When B got back from peeing, we compared makeup techniques. I don't really use makeup but I buy it and I think about it a lot. Makeup is so well-advertised you can't ignore It completely. B went on for such a long time about all her 'creams' that I asked her 'Don't you like to have people come in your face?'
'Does it rejuvenate?'
'Haven't you heard about these ladies who take young guys to the theater and jerk them off so they can put it all over their face?'
'They rub it in like face cream?'
'Yes. It sort of pulls it tighter and makes them younger for the evening.'
'It does? Well, I use my own. It's better that way. That way I can do it at home before I go out for the evening. I shave my underarms, spray them, cream my face, and I'm all set for an evening.'
'I don't shave. I don't sweat. I don't even shit,' I said. I wondered what B would say to that.
'You must be full of shit, then,' she said. 'Ha ha ha.' 'After I check myself out in the mirror, I slip into my BVDs. Nudity is a threat to my existence.'
'It's not a threat to mine,' B said. 'I'm standing here now completely naked, looking at the stretch marks on my tits. Right now I'm looking at the scar on my side from my abscessed breastbone. And now I'm looking at the scar on my leg from where I fell in the garden when I was six.'
'What about my scars?'
'What about your scars?' B said. 'I'll tell you about your scars. I think you produced Frankenstein just so you could put your scars in the ad. You put your scars to work for you. I mean, why not? They're the best things you have because they're proof of something. I always think it's nice to have the proof.'
'What are they proof of?'
'You got shot. You had the biggest orgasm of your life.' 'What happened?'
'It happened so quickly it was like a flash.'
'Remember how embarrassed you were in the hospital when the nuns saw you without your wings? And you started to collect things again. The nuns got you interested in collecting stamps, like you did when you were a kid or something. They got you interested in coins again too.'
'But you haven't told me what happened.' I wanted B to spell it out for me. If someone else talks about it, I listen, I hear the words, and I think, maybe it's all true.
'You were just lying there and Billy Name was standing over you and crying. And you kept saying to him not to make you laugh because it really hurt.'
'And . . .? And . . .?'
'You were in a room in the intensive care unit, getting all these cards and presents from everybody, including me, but you wouldn't let me come and visit you because you thought I'd steal your pills. And you said you thought that coming so close to death was really like coming so close to life, because life is nothing.'
'Yes, yes, but how did it happen?'
'The founder of the Society for Cutting Up Men wanted you to produce a script she'd written and you weren't interested and she just came up to your work studio one afternoon. There were a lot of people there and you were talking on the telephone. You didn't know her too well and she just walked in off the elevator and started shooting. Your mother was really upset. You thought she'd die of it. Your brother was really fabulous, the one who's a priest. He came up to your room and showed you how to do needlepoint. I'd taught him how in the lobby!'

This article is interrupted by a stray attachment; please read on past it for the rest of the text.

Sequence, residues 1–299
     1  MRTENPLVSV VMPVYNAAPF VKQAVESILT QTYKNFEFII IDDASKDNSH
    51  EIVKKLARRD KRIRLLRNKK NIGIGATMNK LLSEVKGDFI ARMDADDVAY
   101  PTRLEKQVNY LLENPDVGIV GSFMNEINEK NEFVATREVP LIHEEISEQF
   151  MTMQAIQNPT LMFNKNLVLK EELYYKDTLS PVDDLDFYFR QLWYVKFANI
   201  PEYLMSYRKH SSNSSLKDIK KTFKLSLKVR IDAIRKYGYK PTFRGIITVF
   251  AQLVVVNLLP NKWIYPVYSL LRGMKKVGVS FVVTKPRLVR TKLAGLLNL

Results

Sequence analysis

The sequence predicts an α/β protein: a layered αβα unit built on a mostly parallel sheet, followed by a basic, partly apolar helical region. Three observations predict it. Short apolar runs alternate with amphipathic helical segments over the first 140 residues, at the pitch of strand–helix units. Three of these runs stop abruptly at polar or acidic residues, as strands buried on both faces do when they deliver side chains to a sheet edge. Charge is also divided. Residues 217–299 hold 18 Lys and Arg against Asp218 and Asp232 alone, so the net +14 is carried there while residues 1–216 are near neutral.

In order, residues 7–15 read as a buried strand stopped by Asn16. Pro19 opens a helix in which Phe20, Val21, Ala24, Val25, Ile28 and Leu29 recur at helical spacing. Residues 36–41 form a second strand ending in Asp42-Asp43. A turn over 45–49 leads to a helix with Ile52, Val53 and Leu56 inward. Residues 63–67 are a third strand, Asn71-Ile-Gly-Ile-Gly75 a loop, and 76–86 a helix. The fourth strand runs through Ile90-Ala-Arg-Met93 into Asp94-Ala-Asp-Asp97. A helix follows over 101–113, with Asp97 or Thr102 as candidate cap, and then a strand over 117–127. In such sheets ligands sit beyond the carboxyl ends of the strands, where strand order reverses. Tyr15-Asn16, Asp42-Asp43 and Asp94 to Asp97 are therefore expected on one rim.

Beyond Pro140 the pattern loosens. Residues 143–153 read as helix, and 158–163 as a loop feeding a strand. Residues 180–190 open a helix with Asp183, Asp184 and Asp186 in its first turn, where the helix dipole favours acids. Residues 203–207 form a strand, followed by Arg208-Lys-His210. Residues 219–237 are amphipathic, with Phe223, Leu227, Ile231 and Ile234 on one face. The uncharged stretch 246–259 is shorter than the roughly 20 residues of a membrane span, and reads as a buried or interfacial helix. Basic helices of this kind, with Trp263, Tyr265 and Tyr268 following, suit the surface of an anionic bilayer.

So that's how I was shot?
For some reason the idea of B and me needlepointing . . . 'After makeup, clothes make the man,' I said. 'I believe in uniforms.'
'I love uniforms! Because if there's nothing there, clothes are certainly not going to make the man. It's better to always wear the same thing and know that people are liking you for the real you and not the you your clothes make. Anyway it's more exciting to see where people live than what they wear. I mean, it's better to see their clothes hanging on their chairs than on their bodies. Everybody should just have all their clothes hanging out. Nothing should be hidden except the things you don't want your mother to see. That's the only reason I'm scared of dying.'
'Because my mother will come up here and find the vibrator and find the things in my diary that I've written about her.'
'I believe in bluejeans too.'
'The ones made by Levi Strauss are the best-cut, best-looking pair of pants that have ever been designed by anybody. Nobody will ever top the original bluejeans. They can't be bought old, they have to be bought new and they have to be worn in by the person. To get that look. And they can't be phoney bleached or phoney anything. You know that little pocket? It's so crazy to have that little little pocket, like for a twenty-dollar gold piece.'
'No, American are the best. Levi Strauss. With the little copper buttons. Studded for evening wear.'
'How do you keep them clean, B?'
'You wash them.'
'Do you iron them?'
'No, I put fabric softener. The only person who irons them is Geraldo Rivera.'
This talk of bluejeans was making me very jealous. Of Levi and Strauss. I wish I could Invent something like blue-jeans. Something to be remembered for. Something mass.
'I want to die with my bluejeans on,' I heard myself say.
'Oh, A,' B said impulsively, 'you should be President! If you were President, you would have somebody else be President for you, right?'